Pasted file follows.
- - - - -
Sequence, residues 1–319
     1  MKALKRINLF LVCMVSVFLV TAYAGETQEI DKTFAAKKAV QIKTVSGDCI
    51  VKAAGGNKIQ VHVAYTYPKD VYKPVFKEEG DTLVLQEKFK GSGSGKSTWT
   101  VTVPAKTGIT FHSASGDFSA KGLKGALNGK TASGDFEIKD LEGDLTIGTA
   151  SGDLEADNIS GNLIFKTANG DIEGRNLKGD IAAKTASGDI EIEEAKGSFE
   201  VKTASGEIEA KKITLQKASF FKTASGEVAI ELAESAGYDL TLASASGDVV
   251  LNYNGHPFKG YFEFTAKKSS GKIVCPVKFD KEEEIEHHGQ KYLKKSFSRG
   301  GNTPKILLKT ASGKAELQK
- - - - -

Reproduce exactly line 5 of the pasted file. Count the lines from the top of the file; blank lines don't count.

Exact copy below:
   151  SGDLEADNIS GNLIFKTANG DIEGRNLKGD IAAKTASGDI EIEEAKGSFE